Better branding through cooking classes

Oct. 11, 2009
Last week, Technomic released a report on pizzerias that have stayed profitable during the recession by focusing on their niche. Pizza Patron, Little Caesar's and Pizza Fusion were among those Technomic characterized as having distinguished themselves along ethnic, value and healthy lines, respectively.
The recommendation for other pizza brands was clear: Find a way to differentiate yourself. But with so many chains "innovating" along similar lines, creativity can be challenging. Offering cooking classes is one largely unexplored way that neighborhood pizza outlets can help establish their brand as familiar, accessible and friendly.
The National Restaurant Association demonstrates why pizza executives should pursue classes to reenergize consumer interest: The benchmark association's latest annual consumer survey found that almost one-third of customers surveyed said they'd be likely to attend cooking classes offered at a full-service restaurant, with younger customers and those with children trending slightly higher.
The introduction of cooking classes has the most potential for pizza shops that have a degree of visbility in their communities. Pizza Patron, whose franchisees often attend local fundraisers and school events, are one prime example.
"Chains that do have cooking classes at the local store level may gain some benefit by positioning themselves as a neighborhood place that gets to know their customers beyond serving them in the restaurant," said Naomi Van Til, a senior report coordinator with Technomic. Van Til cautioned that any initiatives to roll out comprehensive classes should start at the local test market level.
Peter Reinhart has leveraged his place in the local culinary community to much success. Reinhart, author of definitive home pizza cookbook, "American Pie," is a baking instructor at Johnson & Wales and owner of Charlotte, N.C.'s Pie Town. Reinhart has held cooking classes as a way to "complete" the relationship with his customers, as he puts it. "If people like your product, they definitely want to learn how to (make) it," he said.  
Reinhart has recognized a valuable marketing paradigm: When people make your pizza along with you, they associate that good experience with your product.
Bibby Gignilliat agrees with Reinhart's philosophy of "teach-marketing." Gignilliat owns Parties that Cook, a Bay-area cooking class company that focused, heretofore, mainly on teambuilding activities for corporations from Apple to Wal-Mart. But as these company perks started getting slashed in the souring economy, Gignilliat knew she had to think fast. So she started offering individual cooking classes on a lark. Her first round of classes for individuals, introduced on Valentine's Day, sold out. She immediately knew they were on to something. The company has added 50 new classes this year alone.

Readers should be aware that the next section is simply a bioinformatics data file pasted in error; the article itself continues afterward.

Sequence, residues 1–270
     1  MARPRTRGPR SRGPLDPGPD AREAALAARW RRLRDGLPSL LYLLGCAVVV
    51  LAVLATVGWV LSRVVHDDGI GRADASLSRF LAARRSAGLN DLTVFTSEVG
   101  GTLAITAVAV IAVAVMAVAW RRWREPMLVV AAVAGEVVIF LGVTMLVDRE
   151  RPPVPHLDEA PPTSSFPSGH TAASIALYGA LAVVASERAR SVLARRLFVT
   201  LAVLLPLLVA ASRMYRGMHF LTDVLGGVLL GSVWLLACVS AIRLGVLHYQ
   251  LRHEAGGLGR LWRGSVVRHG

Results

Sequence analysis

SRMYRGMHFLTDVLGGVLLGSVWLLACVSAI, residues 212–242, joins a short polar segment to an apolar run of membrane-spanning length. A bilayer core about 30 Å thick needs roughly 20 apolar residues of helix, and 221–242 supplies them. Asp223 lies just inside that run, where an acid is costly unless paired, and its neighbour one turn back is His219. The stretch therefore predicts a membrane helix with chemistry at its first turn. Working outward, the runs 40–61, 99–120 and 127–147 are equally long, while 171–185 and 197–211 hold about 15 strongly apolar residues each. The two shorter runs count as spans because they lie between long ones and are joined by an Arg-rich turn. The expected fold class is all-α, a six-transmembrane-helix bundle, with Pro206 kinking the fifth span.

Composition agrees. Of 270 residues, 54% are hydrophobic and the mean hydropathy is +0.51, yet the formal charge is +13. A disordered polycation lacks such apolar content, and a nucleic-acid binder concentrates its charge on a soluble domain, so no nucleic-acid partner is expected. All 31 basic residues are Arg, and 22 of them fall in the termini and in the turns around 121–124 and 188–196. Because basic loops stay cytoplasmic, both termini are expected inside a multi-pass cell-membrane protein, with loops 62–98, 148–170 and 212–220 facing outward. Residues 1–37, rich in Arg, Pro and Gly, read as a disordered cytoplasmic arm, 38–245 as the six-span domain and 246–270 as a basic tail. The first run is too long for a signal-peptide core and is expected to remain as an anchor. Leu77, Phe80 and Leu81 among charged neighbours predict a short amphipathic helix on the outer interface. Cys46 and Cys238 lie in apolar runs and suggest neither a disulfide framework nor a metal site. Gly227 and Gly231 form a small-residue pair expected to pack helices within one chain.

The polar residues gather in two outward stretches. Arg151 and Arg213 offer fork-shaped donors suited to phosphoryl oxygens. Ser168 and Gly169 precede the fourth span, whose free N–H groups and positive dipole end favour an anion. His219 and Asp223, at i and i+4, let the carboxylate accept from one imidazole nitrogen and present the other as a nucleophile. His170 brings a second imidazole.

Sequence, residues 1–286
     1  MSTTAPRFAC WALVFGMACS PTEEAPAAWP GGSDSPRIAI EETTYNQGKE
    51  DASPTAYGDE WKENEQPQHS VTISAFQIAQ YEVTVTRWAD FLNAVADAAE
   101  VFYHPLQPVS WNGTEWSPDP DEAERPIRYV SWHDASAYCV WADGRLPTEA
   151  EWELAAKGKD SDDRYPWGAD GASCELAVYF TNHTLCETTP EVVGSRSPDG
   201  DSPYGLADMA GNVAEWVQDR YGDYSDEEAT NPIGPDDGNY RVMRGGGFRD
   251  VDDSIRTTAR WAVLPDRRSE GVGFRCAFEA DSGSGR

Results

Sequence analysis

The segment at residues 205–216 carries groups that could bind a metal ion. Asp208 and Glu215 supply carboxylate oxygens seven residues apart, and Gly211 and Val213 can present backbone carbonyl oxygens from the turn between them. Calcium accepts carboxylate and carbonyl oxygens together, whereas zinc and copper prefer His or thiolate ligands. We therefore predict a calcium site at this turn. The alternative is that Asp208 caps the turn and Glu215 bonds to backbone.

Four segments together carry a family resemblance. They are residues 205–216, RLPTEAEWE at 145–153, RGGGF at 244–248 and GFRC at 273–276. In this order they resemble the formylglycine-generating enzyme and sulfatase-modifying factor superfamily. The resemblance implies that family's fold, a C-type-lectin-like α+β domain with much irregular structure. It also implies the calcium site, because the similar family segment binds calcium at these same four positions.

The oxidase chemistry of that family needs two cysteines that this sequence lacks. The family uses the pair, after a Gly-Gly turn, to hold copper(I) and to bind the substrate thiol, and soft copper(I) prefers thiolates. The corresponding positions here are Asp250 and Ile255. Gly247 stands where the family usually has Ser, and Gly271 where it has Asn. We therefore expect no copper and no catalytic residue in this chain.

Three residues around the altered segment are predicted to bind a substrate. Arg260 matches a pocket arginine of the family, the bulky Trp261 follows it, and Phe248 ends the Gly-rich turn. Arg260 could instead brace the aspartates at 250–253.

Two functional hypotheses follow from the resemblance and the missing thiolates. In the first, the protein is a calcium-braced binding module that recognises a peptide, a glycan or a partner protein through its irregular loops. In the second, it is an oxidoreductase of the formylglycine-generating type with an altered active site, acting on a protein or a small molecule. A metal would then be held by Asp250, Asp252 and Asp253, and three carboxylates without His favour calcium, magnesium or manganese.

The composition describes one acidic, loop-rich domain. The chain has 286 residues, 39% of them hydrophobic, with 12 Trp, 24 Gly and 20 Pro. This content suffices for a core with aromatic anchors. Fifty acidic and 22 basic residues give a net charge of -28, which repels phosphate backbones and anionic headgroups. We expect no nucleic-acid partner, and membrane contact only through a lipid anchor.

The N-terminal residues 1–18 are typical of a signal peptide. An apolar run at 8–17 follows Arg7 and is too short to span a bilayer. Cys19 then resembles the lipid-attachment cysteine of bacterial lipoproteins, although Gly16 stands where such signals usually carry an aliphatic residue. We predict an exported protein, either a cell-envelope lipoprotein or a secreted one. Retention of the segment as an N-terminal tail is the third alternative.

Her company employs a more inter-company collaborative, so Gignilliat says smaller chains might think about pairing up with local businesses like farmers markets or universities to help expand their customer base. Such collaboration has worked well for her company, which has paired with local cheese schools and local farmers markets.
Gignilliat says some of her most successful classes are themed, especially to a holiday.  
"We did a really successful event on Mother's Day," she said. "We sold out and extended to have 52 mothers and children that came to the class. Next year we might add a Father's Day class. So we're going to do one for the holidays called Delectable Desserts."
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Standardizing the Creativity
Having worked with so many large companies in the team-building aspect of her business, Gignilliat realizes that cooking classes can appear daunting to the standardized operations of pizzeria franchisees. But there are ways around it.
"With franchises, everything is outlined for how to proceed," she said. "It's the same thing with a cooking class."
Gignilliat recommended making a master list for franchisees to follow company-wide cooking class practices. The list should include equipment needed, homogenize preliminary prep work, and offer learning tips to share with the group, such as how to peel garlic or chop an onion. Dough, she says, should usually be made ahead of time to give it time to rise.
Reinhart has revealed caveats for the restaurateur in particular to heed. One of the biggest hitches in a cooking class plan, of course, is space — where you're going to hold the event. "Just plan ahead in terms of how you're going to utilize the space, how many you realistically can fit," he said. He recommended doing classes on days your restaurant is typically closed, or only open for lunch or dinner.
Don't forget to charge for the event, at least enough to cover your costs. Customers don't take it seriously if you don't, Reinhart said.
Finally, Reinhart recommended sending attendees home with some pointers — recipes for pizza dough and sauce, and suggested toppings combinations.
Worried about losing your regulars once they learn your trade secrets? The opposite has happened for Reinhart, who said he's turned class attendees into Pie Town customers.

Topics: Marketing

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